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I do not propose to detain the House for more than two or three minutes. I am sure both sides of the House appreciate the biennial Post Office (Money) Bills, because they afford to the House an opportunity to discuss the whole ramifications of Post Office work. In that way, the Bill is an advantage, as, indeed, it is to everyone who holds the position of Postmaster-General or Assistant Postmaster-General.
I took three of these Bills through the House and I know the time necessary to study the potential questions which may be asked. I sympathise with the hon. Gentleman, particularly in view of the fact that the Postmaster-General is in another place. I do not propose to deal with the difficulties in my constituency, the Keighley Division of West Yorkshire; nor do I suppose the Assistant Postmaster-General will reveal the difficulties which exist in Clissold and Tudor. All I can say is that he is probably now cognisant of the reasons for those difficulties.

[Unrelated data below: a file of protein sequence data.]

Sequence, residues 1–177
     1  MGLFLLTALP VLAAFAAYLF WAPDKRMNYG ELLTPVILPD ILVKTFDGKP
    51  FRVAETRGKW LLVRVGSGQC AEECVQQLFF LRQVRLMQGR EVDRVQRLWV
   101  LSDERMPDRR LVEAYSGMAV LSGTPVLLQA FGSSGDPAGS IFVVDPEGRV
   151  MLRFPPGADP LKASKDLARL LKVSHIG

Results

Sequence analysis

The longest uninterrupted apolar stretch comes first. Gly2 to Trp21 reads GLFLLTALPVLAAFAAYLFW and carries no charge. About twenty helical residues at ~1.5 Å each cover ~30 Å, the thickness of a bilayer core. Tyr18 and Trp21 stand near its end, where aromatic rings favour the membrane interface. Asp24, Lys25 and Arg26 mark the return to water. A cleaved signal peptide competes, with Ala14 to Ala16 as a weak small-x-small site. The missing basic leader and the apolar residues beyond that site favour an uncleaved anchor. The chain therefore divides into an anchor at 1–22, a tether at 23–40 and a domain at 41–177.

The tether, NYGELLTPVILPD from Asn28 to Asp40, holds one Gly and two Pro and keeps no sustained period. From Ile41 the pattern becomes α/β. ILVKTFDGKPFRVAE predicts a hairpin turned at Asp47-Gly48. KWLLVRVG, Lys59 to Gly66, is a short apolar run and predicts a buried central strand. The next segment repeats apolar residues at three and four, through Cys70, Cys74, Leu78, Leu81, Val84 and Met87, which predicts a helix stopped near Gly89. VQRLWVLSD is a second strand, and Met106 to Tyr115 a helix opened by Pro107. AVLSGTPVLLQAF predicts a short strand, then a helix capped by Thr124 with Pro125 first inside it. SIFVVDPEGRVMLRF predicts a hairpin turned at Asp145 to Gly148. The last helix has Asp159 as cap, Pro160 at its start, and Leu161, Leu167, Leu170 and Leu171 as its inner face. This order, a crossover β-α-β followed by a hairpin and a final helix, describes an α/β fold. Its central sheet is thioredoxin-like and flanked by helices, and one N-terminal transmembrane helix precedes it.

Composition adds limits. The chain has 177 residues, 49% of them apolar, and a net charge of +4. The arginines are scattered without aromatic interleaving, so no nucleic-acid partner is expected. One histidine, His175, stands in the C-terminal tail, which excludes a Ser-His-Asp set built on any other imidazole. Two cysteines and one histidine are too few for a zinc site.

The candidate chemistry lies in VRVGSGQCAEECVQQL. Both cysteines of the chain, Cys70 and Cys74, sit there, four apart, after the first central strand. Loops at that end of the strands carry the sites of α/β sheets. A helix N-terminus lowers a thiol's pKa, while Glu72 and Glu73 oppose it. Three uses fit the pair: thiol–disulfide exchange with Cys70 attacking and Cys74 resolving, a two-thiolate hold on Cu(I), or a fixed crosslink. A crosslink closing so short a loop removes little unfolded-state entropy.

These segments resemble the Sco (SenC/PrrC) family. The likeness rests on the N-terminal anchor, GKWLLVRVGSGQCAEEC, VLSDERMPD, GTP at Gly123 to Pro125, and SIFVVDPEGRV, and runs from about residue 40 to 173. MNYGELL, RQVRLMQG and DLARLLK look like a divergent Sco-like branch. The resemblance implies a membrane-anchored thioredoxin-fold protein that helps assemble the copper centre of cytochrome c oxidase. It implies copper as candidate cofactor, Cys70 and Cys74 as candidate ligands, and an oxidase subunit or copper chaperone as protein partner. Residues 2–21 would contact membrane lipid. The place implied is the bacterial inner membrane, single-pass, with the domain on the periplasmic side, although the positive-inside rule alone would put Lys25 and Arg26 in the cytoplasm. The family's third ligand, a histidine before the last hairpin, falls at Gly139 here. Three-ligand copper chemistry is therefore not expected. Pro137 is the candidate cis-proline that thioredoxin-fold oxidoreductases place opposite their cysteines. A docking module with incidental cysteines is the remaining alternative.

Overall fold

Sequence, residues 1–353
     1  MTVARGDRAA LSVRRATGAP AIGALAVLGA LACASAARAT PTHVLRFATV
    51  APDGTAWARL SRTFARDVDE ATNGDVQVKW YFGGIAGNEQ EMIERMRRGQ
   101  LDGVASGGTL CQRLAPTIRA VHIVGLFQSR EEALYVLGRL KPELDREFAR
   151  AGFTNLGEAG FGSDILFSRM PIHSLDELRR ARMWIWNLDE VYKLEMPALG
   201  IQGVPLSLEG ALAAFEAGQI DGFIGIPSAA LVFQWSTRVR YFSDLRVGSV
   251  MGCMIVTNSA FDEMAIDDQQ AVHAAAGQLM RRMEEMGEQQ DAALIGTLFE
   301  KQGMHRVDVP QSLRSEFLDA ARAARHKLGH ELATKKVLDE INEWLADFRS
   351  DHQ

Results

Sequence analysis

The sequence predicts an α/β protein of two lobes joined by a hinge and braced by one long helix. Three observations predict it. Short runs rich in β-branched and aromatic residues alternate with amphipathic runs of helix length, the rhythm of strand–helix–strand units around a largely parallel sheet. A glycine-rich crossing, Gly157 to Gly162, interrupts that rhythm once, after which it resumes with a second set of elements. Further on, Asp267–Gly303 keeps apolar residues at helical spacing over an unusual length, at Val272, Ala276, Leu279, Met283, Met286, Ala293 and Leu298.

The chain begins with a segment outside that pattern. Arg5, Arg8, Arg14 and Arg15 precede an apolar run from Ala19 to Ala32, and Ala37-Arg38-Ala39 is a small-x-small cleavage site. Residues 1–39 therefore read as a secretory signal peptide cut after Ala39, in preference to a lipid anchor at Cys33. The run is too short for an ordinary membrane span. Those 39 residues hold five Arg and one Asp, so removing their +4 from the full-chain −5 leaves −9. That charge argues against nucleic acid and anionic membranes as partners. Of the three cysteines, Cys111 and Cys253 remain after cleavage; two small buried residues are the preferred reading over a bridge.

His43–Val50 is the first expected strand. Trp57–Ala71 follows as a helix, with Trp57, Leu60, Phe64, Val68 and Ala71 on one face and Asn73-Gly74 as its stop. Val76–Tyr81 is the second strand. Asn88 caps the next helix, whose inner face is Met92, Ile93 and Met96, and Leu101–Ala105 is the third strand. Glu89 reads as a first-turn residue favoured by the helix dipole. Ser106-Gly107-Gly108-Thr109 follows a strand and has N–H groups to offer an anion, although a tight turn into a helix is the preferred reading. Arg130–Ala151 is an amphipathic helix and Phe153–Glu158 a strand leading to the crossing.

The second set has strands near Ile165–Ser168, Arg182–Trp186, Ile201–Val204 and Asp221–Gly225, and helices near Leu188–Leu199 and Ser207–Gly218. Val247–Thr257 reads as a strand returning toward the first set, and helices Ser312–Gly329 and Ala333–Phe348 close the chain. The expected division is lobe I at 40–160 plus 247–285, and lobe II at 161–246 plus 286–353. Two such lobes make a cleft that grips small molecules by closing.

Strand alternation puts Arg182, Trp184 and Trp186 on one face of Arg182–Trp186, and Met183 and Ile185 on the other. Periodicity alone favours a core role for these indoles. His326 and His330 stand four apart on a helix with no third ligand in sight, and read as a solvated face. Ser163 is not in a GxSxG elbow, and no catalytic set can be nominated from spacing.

I was interested in the short debate we have had, because I remember discussions on rating and valuation arising out of a Post Office (Money) Bill, but never a debate on artificial insemination; and only a lawyer of the standing of my hon. and learned Friend the Member for Northampton (Mr. Paget) would not incur your pleasure, Sir Charles, when discussing such a subject on the Post Office (Money) Bill.